8. A device for obtaining the samples of fluid contained under pressure within an earth formation traversed by a borehole comprising: a support adapted to be located at a desired depth within a borehole opposite a formation from which a fluid sample is to be obtained; means mounted on said support for isolating first and second spaced borehole wall formation portions from borehole fluids and for establishing first and second spaced points of fluid communication with said formation respectively at said first and second borehole wall formation portions when engaged therewith; motive means in said support for moving the first mentioned means into engagement with the wall of the borehole; a low pressure cylinder in said support for receiving a sample of formation fluid; a chamber in said support containing a fluid for injection into said formation; first and second fluid channels respectively connecting said chamber with said first point of fluid communication and said second point of fluid communication with said low pressure cylinder when said means is in engagement with the borehole wall; a piston in sealed slidable relation within said low pressure cylinder; a rod connected with said piston and extending in sealed slidable relation within said chamber; and means for selectively admitting formation fluid at said second point of fluid communication over said second channel to said low pressure cylinder behind said piston, whereby the pressure of formation fluid displaces the same and said rod relative to said support to generate a pressure within said injection fluid in excess of formation pressure to establish a flow of injection fluid out of said chamber via said first channel and into the formation at said first point of fluid communication at a flow rate proportionate to the rate of displacement of said piston and rod.

References Cited by the Examiner UNITED STATES PATENTS 2,214,064 9/1940 Niles 1661 2,747,401 5/1956 Doll 73-151 2,868,625 1/1959 Frank 23-230 2,904,113 9/1959 McMahan 166-1OO 3,010,517 11/1961 Lanmon 166-l00 3,159,214 12/1964 Carter 1664 3,163,211 12/1964 Henley 166-4 RICHARD C. QUEISSER, Primary Examiner. J. JOSEPH SMITH, JR., Assistant Examiner.

Patent Citations
Cited PatentFiling datePublication dateApplicantTitle
US2214064 *Sep 8, 1939Sep 10, 1940Stanolind Oil & Gas CoOil production
US2747401 *May 13, 1952May 29, 1956Schlumberger Well Surv CorpMethods and apparatus for determining hydraulic characteristics of formations traversed by a borehole
US2868625 *Jul 22, 1955Jan 13, 1959Jersey Prod Res CoMethod of tracing the flow of water
US2904113 *Apr 16, 1956Sep 15, 1959Welex IncSide wall fluid sampler
US3010517 *Jul 15, 1960Nov 28, 1961Schlumberger Well Surv CorpFormation testing systems
US3159214 *Jun 5, 1961Dec 1, 1964Pan American Petroleum CorpMethod for injecting and recovering fluids from a formation
US3163211 *Jun 5, 1961Dec 29, 1964Pan American Petroleum CorpMethod of conducting reservoir pilot tests with a single well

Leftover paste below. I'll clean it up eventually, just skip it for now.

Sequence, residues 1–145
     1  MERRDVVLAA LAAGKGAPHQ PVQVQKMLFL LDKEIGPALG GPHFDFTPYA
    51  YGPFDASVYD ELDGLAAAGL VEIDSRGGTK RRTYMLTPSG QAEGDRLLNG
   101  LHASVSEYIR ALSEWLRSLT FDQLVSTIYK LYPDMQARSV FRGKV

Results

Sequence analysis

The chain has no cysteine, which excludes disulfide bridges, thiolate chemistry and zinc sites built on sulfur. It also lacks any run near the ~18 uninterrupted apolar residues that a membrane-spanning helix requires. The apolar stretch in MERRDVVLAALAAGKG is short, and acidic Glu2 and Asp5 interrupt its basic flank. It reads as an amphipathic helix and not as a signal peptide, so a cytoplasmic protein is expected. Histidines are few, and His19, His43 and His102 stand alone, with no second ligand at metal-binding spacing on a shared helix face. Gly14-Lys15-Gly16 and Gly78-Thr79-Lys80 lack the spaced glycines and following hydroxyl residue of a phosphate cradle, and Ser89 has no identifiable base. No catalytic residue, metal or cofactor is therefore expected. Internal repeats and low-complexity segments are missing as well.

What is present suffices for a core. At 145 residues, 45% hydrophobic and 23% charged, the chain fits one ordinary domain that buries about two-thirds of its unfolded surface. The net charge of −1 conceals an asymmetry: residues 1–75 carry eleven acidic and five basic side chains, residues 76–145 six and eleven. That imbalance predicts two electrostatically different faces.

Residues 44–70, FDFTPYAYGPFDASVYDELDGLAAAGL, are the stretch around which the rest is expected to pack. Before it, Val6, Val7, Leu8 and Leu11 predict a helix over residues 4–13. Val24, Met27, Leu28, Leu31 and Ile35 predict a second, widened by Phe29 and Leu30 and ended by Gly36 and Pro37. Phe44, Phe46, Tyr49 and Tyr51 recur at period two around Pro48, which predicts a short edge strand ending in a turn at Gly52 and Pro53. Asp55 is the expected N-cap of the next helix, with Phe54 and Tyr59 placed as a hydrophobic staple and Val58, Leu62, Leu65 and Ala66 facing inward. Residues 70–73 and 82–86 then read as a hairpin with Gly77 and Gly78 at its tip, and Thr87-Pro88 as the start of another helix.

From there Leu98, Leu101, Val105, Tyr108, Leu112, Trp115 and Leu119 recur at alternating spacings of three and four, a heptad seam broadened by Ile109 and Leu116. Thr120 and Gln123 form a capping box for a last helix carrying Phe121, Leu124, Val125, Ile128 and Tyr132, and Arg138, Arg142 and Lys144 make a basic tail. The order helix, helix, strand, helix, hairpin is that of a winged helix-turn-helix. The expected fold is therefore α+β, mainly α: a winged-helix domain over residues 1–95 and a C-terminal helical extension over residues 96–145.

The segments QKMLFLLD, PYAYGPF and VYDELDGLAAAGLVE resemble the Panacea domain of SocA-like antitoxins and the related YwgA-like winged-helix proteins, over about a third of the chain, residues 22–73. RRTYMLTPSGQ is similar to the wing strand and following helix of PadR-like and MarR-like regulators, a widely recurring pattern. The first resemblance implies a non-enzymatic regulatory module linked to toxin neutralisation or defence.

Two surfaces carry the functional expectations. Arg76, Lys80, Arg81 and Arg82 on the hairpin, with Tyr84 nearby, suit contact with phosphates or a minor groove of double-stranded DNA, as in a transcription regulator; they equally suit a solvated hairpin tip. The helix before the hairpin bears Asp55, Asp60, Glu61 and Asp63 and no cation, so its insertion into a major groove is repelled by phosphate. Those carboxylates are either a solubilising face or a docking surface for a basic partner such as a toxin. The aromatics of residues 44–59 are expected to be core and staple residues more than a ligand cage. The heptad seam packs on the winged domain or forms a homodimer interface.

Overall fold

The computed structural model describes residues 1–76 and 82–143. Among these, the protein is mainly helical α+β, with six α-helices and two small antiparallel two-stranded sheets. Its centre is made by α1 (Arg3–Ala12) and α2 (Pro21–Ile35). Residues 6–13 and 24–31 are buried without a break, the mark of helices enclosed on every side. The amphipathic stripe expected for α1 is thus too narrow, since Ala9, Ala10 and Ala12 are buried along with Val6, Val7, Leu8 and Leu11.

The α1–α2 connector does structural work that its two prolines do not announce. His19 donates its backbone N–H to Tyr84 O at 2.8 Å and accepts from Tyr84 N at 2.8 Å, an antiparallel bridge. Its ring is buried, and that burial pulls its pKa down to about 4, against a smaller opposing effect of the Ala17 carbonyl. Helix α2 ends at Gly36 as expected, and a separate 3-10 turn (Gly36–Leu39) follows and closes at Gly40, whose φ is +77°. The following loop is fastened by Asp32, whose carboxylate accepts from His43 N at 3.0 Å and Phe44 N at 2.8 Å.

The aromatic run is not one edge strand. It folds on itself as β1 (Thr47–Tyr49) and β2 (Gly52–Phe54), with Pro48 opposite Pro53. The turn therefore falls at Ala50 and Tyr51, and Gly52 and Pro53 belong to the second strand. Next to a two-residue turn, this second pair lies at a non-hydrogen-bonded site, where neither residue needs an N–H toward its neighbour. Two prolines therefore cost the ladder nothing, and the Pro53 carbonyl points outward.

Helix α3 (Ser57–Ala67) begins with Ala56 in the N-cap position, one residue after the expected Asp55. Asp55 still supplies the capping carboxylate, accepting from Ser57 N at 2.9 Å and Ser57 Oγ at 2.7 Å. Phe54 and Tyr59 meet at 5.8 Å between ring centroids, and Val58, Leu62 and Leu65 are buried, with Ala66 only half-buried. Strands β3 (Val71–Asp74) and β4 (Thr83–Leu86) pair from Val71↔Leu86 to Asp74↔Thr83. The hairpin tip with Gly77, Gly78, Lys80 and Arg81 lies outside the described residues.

Referenced by
Citing PatentFiling datePublication dateApplicantTitle
US3456504 *Nov 7, 1966Jul 22, 1969Exxon Production Research CoSampling method
US4167111 *May 4, 1978Sep 11, 1979The United States Of America Is Represented By The Administrator Of The National Aeronautics & Space AdministrationBorehole geological assessment
US4196619 *Sep 25, 1978Apr 8, 1980The United States Of America As Represented By The Administrator Of The National Aeronautics And Space AdministrationGeological assessment probe
US4339948 *Apr 25, 1980Jul 20, 1982Gearhart Industries, Inc.Well formation test-treat-test apparatus and method
US5230244 *Jun 28, 1990Jul 27, 1993Halliburton Logging Services, Inc.Formation flush pump system for use in a wireline formation test tool
US5672819 *Mar 13, 1996Sep 30, 1997Halliburton Energy Services, Inc.Formation evaluation using phase shift periodic pressure pulse testing
US7240737 *Apr 11, 2006Jul 10, 2007Welldynamics, Inc.Direct proportional surface control system for downhole choke
US7845405Jan 19, 2009Dec 7, 2010Schlumberger Technology CorporationFormation evaluation while drilling
US8235106Jan 18, 2010Aug 7, 2012Halliburton Energy Services, Inc.Formation testing and sampling apparatus and methods
US8496054 *Dec 21, 2007Jul 30, 2013Schlumberger Technology CorporationMethods and apparatus to sample heavy oil in a subterranean formation
US8522870Jul 31, 2012Sep 3, 2013Halliburton Energy Services, Inc.Formation testing and sampling apparatus and methods
US8636064Dec 3, 2012Jan 28, 2014Schlumberger Technology CorporationFormation evaluation while drilling
US8720552 *Oct 3, 2011May 13, 2014Schlumberger Technology CorporationTool and method for determining formation parameter
US20120024523 *Oct 3, 2011Feb 2, 2012Schlumberger Technology CorporationTool and method for determining formation parameter
EP1621724A2 *Feb 24, 2000Feb 1, 2006Halliburton Energy Services, Inc.Methods of downhole testing subterranean formations and associated apparatus therefor
WO2009067440A1 *Nov 18, 2008May 28, 2009Schlumberger Ca LtdFormation evaluation while drilling
Classifications
U.S. Classification73/152.41, 166/264, 73/152.29
International ClassificationG01N15/08, E21B49/00, G01N33/24, E21B49/10
Cooperative ClassificationG01N15/0826, G01N33/24, E21B49/00, E21B49/10
European ClassificationE21B49/10, E21B49/00, G01N33/24, G01N15/08C1